The Maths Curriculum:
Our school’s Mathematics’ Curriculum follows the National Curriculum for Mathematics and the Foundation Stage Statutory Framework. We aim to ensure that there is an emphasis on Maths skills which encourages appropriate connections to be made between all the aspects of the Maths curriculum. In the EYFS the mathematics curriculum is based on and supported by the early learning goals for mathematical developments.
Here at Hobletts Manor Infants' and Nursery School, we follow the mastery approach. Mastering maths means pupils acquiring a deep, long-term, secure and adaptable understanding of the subject.
The phrase ‘teaching for mastery’ describes the elements of classroom practice and school organisation that combine to give pupils the best chances of mastering maths. Achieving mastery means acquiring a solid enough understanding of the maths that’s been taught to enable pupils to move on to more advanced material.
To support the planning of Maths in our school, we use ESSENTIALmaths. This tool has been designed by Herts for Learning to benefit teachers and children by providing carefully planned progression that helps us to ensure consistency throughout the school. The use of concrete and pictorial representations, that benefits pupils’ learning, is a strong feature of our planning and teaching in line with the master approach that we follow. Within our planning, we are careful to provide much opportunity for all learners to deepen and extend mathematical thinking.
In the EYFS children access a language rich environment where Maths development is supported through practical experiences in order to promote social skills and the development of mathematical language and understanding.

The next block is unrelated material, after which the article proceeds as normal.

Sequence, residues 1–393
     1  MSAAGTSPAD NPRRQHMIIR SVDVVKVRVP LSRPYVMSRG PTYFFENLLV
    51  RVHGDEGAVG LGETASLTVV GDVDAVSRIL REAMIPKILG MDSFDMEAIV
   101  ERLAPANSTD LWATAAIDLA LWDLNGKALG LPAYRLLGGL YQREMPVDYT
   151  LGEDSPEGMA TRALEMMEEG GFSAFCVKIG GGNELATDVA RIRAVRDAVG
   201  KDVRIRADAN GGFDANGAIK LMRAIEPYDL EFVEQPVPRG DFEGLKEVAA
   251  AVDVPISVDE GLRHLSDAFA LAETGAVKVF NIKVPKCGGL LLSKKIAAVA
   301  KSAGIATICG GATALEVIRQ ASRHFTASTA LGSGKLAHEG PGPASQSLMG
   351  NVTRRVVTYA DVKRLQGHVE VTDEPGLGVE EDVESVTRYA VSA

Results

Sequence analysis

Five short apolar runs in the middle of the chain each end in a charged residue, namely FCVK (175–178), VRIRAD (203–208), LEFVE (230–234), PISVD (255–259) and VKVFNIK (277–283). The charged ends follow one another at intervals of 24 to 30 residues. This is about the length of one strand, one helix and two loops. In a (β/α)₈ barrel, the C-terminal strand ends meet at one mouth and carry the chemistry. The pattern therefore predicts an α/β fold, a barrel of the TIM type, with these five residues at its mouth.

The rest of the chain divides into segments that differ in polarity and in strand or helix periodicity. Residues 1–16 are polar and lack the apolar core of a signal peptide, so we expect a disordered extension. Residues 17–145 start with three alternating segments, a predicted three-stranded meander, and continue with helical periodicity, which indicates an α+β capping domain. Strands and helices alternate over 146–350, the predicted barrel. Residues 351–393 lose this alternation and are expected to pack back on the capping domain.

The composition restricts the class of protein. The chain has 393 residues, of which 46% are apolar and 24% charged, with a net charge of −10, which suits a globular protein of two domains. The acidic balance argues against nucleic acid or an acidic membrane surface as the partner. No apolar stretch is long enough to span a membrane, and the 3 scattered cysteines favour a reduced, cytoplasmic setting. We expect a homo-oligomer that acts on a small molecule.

· Concepts of shape, space, direction, size, length, capacity and mass are developed through sand, water and tactile play, outdoor provision, small world play, story-telling and songs.
· Children are also taught basics of number; 1 to 1 correspondence, number order and recognition. Role play situations provide opportunities for using and applying knowledge and problem solving.
· By the end of Reception the children write digits and calculations as well as recognise them and work with them practically to meet the expectations of the Early Years Goals as outlined in the EYFS.
In KS1 children have daily Maths sessions following the National Curriculum.
The principal focus of mathematics teaching in key stage 1 is to ensure that pupils develop confidence and mental fluency with whole numbers, counting and place value. This should involve working with numerals, words and the 4 operations, including with practical resources [for example, concrete objects and measuring tools].
At this stage, pupils should develop their ability to recognise, describe, draw, compare and sort different shapes and use the related vocabulary. Teaching should also involve using a range of measures to describe and compare different quantities such as length, mass, capacity/volume, time and money.
In Year 1, children will start to build confidence working with numbers, through developing their counting and calculation skills. They will also gain an understanding of halves and quarters, start to measure and tell the time, and learn about some 2D and 3D shapes.
Children will be taught to count forwards and backwards to 100, add and subtract numbers to 20, and be introduced to the idea of multiplying and dividing. They will be encouraged to use objects to help them solve simple problems in a practical way.
In Year 2, children will continue to develop their counting and calculation skills, learning different ways to multiply and divide. They will also extend their understanding of fractions. They will measure length, weight, volume, temperature, time and money, discover more about 2D and 3D shapes, and begin to learn about statistics. They’ll count in steps of 2, 3, 5 and 10 and learn number bonds to 20. They’ll partition numbers into 10s and 1s to add and subtract one-digit and two-digit numbers. They will be taught the 2, and 10 times tables and how to find 1/2 , 1/4, 3/4 and 1/3 of quantities and shapes.
By the end of year 2, pupils should know the number bonds to 20 and be precise in using and understanding place value. An emphasis on practice at this early stage will aid fluency. Pupils should read and spell mathematical vocabulary, at a level consistent with their increasing word reading and spelling knowledge at key stage 1.